A treetop Osprey, Pandion haliaetus.
Our town of Sewall’s Point is on a narrow peninsula between the St. Lucie River and the Indian River Lagoon and there are lots of these fishhawks living here.
A few more pics from yesterday morning’s bird walk.
Blue Jay on a wire with a wind-blown punk hairdo.
Many, many Palm Warblers are here in winter and this is one of them.
Unless you live in Canada, spring, fall, and winter are your best times to see Palm Warblers. They spend the winters in the Caribbean and in a narrow strip along the southeastern United States and occasionally along the West Coast. They’re a fairly common early migrant across much of the East, reaching New England by mid-to-late April. They start slowly heading south in late August.
Though the Palm Warbler’s name might imply it is a tropical bird, it’s actually one of the northernmost breeding of all warblers (only the Blackpoll Warbler breeds farther north). They got their name from J. P. Gmelin who named them based on a specimen collected on Hispaniola, a Caribbean island with a lot of palm trees.
Lots of yellow on this warbler.
Palm Warblers primarily eat insects including beetles, flies, and caterpillars. During the winter they also eat seeds and berries such as bayberry, sea grape, and hawthorn when available.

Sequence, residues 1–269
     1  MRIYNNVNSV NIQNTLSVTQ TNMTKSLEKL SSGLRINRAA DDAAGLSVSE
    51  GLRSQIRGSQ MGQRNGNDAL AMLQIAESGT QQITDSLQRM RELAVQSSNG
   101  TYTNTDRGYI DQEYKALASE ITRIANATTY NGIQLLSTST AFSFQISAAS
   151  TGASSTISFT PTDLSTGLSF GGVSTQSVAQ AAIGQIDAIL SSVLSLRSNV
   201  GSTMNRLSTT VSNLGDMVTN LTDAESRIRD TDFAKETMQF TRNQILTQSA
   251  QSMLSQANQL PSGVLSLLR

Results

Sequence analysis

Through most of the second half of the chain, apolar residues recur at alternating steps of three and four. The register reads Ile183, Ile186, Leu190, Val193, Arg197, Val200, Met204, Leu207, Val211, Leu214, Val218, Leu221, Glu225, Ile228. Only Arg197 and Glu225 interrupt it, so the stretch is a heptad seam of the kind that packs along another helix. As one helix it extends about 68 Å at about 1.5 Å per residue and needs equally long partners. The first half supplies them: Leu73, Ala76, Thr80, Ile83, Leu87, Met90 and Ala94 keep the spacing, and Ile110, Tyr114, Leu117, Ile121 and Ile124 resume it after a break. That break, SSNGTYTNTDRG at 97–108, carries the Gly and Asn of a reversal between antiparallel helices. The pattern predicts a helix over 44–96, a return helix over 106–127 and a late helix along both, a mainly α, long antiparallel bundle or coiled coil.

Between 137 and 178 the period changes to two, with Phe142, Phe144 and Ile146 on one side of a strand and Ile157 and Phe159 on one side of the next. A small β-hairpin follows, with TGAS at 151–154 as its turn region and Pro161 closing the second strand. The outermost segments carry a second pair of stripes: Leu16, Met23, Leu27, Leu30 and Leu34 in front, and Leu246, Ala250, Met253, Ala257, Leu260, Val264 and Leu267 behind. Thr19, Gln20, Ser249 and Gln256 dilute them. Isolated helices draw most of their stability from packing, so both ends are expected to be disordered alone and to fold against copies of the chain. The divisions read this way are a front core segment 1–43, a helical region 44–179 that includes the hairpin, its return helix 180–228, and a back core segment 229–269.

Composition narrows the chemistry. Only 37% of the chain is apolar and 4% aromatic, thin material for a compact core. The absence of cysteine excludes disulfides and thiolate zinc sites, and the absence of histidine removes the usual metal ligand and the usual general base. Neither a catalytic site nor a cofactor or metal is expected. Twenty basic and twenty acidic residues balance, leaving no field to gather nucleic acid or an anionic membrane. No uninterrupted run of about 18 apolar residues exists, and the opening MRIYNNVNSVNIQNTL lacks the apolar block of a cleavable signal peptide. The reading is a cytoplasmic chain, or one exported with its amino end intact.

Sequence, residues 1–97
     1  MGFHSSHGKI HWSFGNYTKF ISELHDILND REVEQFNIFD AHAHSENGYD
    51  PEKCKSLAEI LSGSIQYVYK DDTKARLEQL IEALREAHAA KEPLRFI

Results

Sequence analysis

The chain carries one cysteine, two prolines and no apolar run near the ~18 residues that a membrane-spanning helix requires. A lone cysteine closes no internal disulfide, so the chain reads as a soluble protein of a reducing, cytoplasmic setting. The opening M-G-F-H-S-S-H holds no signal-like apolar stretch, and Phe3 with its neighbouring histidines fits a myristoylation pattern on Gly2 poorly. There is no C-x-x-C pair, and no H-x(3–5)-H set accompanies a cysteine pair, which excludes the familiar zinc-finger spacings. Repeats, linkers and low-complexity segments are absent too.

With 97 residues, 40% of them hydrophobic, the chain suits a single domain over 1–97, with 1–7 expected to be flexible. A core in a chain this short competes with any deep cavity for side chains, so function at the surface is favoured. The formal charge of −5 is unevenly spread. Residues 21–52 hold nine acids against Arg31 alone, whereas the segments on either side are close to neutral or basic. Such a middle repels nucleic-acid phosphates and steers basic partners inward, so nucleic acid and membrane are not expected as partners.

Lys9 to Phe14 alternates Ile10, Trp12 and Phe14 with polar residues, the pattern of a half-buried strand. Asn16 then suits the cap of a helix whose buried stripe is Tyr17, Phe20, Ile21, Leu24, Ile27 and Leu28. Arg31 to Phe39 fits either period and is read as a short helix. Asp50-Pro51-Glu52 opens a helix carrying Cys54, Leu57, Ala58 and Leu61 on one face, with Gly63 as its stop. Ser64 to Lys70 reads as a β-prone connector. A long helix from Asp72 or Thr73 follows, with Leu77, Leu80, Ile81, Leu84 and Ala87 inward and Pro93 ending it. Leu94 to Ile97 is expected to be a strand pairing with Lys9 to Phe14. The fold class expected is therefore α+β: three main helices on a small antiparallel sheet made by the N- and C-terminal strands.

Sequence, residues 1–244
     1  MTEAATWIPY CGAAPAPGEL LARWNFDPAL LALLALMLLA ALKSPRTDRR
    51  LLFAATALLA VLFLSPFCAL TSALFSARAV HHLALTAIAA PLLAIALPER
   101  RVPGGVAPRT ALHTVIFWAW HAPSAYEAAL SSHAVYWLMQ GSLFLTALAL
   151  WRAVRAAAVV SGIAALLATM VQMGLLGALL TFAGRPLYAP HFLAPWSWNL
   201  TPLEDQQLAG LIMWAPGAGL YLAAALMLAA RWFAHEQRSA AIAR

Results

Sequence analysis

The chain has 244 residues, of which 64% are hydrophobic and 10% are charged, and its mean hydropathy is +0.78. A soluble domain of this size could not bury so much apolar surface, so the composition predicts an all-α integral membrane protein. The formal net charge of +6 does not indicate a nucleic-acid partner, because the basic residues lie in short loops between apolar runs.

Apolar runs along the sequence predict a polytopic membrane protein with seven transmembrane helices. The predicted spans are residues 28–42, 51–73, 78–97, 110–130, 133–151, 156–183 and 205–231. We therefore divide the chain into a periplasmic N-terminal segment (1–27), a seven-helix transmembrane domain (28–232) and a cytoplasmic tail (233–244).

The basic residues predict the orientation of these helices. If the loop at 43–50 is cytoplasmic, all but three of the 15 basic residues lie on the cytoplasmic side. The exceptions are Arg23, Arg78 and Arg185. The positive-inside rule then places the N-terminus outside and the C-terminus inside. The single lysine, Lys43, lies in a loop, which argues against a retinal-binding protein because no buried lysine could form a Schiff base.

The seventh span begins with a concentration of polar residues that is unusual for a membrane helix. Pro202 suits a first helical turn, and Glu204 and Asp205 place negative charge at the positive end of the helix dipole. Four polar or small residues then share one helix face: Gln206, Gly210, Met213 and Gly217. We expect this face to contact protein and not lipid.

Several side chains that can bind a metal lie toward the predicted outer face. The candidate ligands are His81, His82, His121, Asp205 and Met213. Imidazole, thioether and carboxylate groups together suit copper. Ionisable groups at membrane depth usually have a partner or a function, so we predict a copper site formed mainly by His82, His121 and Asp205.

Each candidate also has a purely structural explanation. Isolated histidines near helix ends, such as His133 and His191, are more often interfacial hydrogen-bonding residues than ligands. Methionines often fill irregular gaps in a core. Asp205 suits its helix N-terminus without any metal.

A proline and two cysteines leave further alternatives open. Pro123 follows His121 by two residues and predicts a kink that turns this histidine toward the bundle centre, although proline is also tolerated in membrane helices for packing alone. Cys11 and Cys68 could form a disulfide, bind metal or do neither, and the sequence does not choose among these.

Create a bird friendly backyard for migrating or wintering Palm Warblers by planting native plants. Learn more about birdscaping at Habitat Network.
Yesterday we planted more native shrubs in our backyard, a couple of beautyberry and a couple of cardinal firebush. Last year we planted Simpson’s stoppers, wild coffee, silver buttonwood and Bahamas maidenbush along the back fence and three dwarf firebush in one corner of our little backyard.
Last year’s firebush is about to bloom and feed the butterflies.
American Beautyberry, just planted. The bird-feeding berries will look like this…
As for feeding the Osprey, whatever keeps the rivers and oceans healthy and full of fish keeps the skies full of fishhawks too. Obviously!